flusterpated - a state of being flustered that's so intense, one's actions and words become bound up

fahoodled - confused, esp. when trying to think of too many things at once

Both of these are states that I occupy frequently.


Freak Show, Freak Show

Calf Born in N.M. With 5 Legs, 6 Hooves
It used to be that you had to go to the carny sideshow to see stuff like what is in that story. Reading about it on the Internet is not nearly so much fun. Barkers make it so much better.


Yabba Dabba Dead

The voice of Fred Flinstone has died. Henry Corden was a Hanna-Barbera regular, and did a great job for them. Only one problem -- this paragraph is true, but please, tell me which one of these things does not belong
Corden moved into voice acting in the 1960s, and deployed his dialect skills in bit parts for Hanna-Barbera, including "Jonny Quest," "Josey and the Pussycats" and "The New Tom & Jerry Show."
Leave your comments, I would love to know how many of my readers are serious animation fans.


I Need A Shower...

...after reading this
Mary Kay Letourneau and her former sixth-grade pupil ? the father of her two youngest children ? will be married Friday night, "Entertainment Tonight" and "The Insider" reported Thursday.
You know that part in the ceremony? - "If anyone has reason that there two should not be married...." I am tempted, I am sorely tempted.

Friday, May 20, 2005


Pepsi The Blog Swarm

It' commencement season which means all sorts of educational institutions all over the country are looking for people of "influence" or "importance" to speak -- many of whom are not generally public speakers and who do not generally understand how fast word gets around these days. So they put their foot firmly in their mouth, and make a fool out of themselves and whatever institution it is that they represent.

Well, I had another of those live at the client's days yesterday and came out into the latest example. It's Indra Nooyi and Pepsico's turn on the chopping block. She gave this speech at the Columbia School of Business commencement. It's a real corker -- bascially she accuses America of giving "the finger" to the rest of the world.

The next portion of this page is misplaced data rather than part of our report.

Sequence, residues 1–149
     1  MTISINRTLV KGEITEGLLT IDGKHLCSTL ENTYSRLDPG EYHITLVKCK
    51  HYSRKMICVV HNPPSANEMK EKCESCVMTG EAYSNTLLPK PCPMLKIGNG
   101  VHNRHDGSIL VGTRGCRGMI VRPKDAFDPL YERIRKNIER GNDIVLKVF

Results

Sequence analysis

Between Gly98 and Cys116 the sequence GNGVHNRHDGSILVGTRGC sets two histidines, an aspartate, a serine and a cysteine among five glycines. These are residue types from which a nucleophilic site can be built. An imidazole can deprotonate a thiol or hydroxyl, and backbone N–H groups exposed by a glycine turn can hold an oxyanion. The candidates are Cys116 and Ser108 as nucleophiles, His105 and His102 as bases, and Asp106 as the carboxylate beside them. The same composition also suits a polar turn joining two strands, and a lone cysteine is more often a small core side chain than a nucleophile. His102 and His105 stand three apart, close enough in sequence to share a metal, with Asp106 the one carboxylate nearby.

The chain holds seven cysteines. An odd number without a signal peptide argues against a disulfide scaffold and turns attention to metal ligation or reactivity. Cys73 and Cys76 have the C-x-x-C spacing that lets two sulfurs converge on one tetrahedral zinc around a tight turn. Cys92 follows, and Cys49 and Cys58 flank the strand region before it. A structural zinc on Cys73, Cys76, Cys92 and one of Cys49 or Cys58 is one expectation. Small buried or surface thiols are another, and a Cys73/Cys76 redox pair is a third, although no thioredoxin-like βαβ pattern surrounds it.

First she explained Now she is sort of apologizing.

There is a call to boycott Pepsico (not a bad idea) and here's a list of their products.

Get the latest from Hewitt - he is all over this like white on rice.

Bascially, the women is obviously sucking her toes right now. I think this sort of stuff should cost Pepsi something -- thus my agreement with the boycott. But let's keep it in perspective. This is not a government person, this is not a politician, this is not even the media. The world is full of idiot jerks running companies. This one just went public.


Support GodBlogCon!

I hope every Christian blogger out there is planning on attending the Godblogging conference in October. If you can, register now!

But if you cannot go, or don't know if you can go yet, or are going and want others you know to go too, or just like the idea, I hope you will support the casue by adding one of the logo buttons to your blogroll -- I have one in mine. You can get them here.


Jollyblogger Rises

It's been almost 2 weeks since I asked someone to exegete Hebrews 6:1-3 for me. I got a lot of discussion, both here and here. But it was only on Wednesday that someone, namely Jollyblogger, put up a post on that passage, and its context. David does not in that post acknowledge my challenge (he has elsewhere), but it is an exegesis of the passage in question.